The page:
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Ericson v. Warden, New Hampshire State Prison

Supreme Court of New Hampshire

February 12, 2013

Nathaniel Ericson
v.
Warden, New Hampshire State Prison,

The petitioner, Nathaniel Ericson, appeals an order of the trial court denying his petition for habeas corpus. He argues that the trial court erred in: (1) finding that his trial counsel did not render ineffective assistance of counsel regarding the consolidation of indictments from separate counties into a single trial; (2) finding that, even if his trial counsel's advice was wrong as a matter of law, the petitioner failed to demonstrate that the outcome of the trial "could have been different"; and (3) crediting his trial counsel's testimony that he advised the petitioner regarding the consolidation. We affirm.

The State and Federal Constitutions guarantee a criminal defendant reasonably competent assistance of counsel. State v. Whittaker, 158 N.H. 762, 768 (2009). We first address the petitioner's claim of ineffective assistance of counsel under the State Constitution, citing federal opinions for guidance only. State v. Brown, 160 N.H. 408, 412 (2010). Because the standard for determining whether the petitioner received ineffective assistance of counsel is the same under both constitutions, we reach the same result under the Federal Constitution as we do under the State Constitution. Whittaker, 158 N.H. at 768.

To prevail upon a claim of ineffective assistance of counsel, the petitioner must demonstrate, first, that counsel's representation was constitutionally deficient and second, that counsel's deficient performance actually prejudiced the outcome of the case. Brown, 160 N.H. at 412. Failure to establish either prong requires a finding that counsel's performance was not constitutionally defective. Id. To satisfy the first prong of the test, the petitioner must show that counsel's representation fell below an objective standard of reasonableness. Id. We judge the reasonableness of counsel's performance based upon the facts and circumstances of the particular case, viewed at the time of the cited conduct. Id.

To satisfy the second prong, the petitioner must establish that there is a reasonable probability that, but for counsel's unprofessional errors, the result of the proceeding would have been different. Id. at 413. A reasonable probability is a probability sufficient to undermine confidence in the outcome. Id. In making this determination, we consider the totality of the evidence presented at trial. Id. Both the performance and prejudice components of the ineffectiveness inquiry are mixed questions of law and fact. Id. We will affirm the trial court's factual findings unless they are not supported by the evidence or are erroneous as a matter of law; our review of the ultimate determination of whether each prong is met is de novo. Id.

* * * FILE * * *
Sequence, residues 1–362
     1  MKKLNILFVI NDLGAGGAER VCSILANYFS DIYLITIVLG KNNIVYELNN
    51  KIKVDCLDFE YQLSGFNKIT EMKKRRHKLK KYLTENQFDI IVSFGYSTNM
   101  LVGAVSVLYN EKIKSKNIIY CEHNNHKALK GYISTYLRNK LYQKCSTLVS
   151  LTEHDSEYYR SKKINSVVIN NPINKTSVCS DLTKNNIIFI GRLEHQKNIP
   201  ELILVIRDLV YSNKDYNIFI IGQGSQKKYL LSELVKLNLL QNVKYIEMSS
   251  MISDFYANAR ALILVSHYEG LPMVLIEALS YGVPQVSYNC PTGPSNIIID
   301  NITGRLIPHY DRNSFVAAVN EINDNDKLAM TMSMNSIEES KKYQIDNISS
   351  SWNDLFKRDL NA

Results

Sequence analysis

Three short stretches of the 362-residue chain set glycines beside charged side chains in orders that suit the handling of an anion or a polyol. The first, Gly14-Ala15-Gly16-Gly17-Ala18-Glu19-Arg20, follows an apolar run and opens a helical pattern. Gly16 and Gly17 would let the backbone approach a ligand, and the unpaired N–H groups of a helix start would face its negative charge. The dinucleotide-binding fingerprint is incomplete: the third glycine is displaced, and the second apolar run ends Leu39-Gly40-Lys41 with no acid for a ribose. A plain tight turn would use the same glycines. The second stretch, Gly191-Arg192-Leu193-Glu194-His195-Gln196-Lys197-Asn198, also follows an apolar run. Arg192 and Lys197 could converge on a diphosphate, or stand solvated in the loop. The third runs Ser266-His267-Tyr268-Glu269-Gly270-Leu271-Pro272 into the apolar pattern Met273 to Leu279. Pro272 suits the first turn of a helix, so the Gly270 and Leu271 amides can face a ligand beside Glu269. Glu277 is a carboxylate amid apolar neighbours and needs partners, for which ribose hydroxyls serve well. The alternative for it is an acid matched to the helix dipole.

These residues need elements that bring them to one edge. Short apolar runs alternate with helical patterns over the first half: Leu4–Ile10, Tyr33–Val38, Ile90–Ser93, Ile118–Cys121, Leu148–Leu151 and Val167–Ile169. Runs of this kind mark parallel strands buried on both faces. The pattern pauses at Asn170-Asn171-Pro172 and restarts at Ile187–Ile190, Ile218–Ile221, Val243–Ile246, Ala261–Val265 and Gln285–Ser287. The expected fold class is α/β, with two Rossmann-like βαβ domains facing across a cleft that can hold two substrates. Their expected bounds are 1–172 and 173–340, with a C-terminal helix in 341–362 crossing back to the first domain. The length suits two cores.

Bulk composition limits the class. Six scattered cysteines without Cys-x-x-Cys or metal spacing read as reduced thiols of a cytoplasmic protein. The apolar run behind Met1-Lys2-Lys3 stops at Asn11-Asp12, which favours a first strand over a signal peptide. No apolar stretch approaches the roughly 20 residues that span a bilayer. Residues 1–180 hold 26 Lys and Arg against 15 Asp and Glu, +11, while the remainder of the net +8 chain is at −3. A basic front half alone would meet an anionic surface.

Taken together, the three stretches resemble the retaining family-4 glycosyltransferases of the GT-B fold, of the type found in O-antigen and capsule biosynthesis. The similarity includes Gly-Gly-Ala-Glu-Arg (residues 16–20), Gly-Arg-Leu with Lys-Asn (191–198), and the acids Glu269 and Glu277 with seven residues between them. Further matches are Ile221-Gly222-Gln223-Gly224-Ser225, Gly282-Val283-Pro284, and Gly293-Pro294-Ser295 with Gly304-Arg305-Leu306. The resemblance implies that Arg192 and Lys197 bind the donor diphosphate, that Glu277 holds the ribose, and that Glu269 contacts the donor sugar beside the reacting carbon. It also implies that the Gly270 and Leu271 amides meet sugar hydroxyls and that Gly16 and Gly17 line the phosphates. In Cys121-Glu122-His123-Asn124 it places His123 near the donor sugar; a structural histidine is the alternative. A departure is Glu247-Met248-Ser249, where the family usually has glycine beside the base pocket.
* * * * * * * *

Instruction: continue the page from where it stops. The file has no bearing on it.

We address first whether his trial counsel's alleged error prejudiced the petitioner, because, if the petitioner is unable to demonstrate such prejudice, we need not determine whether his counsel's trial performance fell below the standard of reasonable competence. See, e.g., Brown, 160 N.H. at 417; State v. Wisowaty, 137 N.H. 298, 302 (1993) (preferable course in a challenge based on ineffective assistance of counsel is to require petitioner to prove as threshold matter that alleged error by counsel prejudiced his case); Strickland v. Washington, 466 U.S. 668, 697 (1984) ("If it is easier to dispose of an ineffectiveness claim on the ground of lack of sufficient prejudice, which we expect will often be so, that course should be followed.").

We note at the outset we have not been provided with the complete transcripts of the petitioner's trial. Accordingly, in conducting our review in this case, we have considered the opinion that we issued in the petitioner's direct appeal, see State v. Ericson, 159 N.H. 379 (2009), and the record now before us. We note also that the defendant was convicted only on the Hillsborough County indictments. At the time the jury announced it had reached a verdict on those charges, it had not reached a verdict on the Grafton County charges. The petitioner argues, however, that the evidence concerning the Grafton County charges "played a significant part in [his] convictions on the Hillsborough charges."

The evidence presented at trial included: (1) testimony by the victim that described in detail the assaults committed by the petitioner against her at his lake house that gave rise to the Hillsborough County charges; (2) the assaults began at the Hillsborough County venue before the victim's fifth birthday; (3) statements by the petitioner to the police that he had no problem with the young victim and her sister seeing him naked; and (4) the petitioner's statement that the victim might have touched his penis while they were showering. Ericson, 159 N.H. at 382-83. The petitioner also testified at trial that the sexual contact did not make him feel uncomfortable and that "the victim took his finger and put it down the waistband of her underwear and on her clitoris at which point he told her that masturbation was nothing to be ashamed of and that both her mother and his wife masturbated." Id. at 383-84. Based upon the record before us, we conclude that the petitioner has failed to establish that there is a reasonable probability that, but for counsel's alleged unprofessional errors, the result of the trial would have been different.

Affirmed.

HICKS, CONBOY, and BASSETT, JJ., ...


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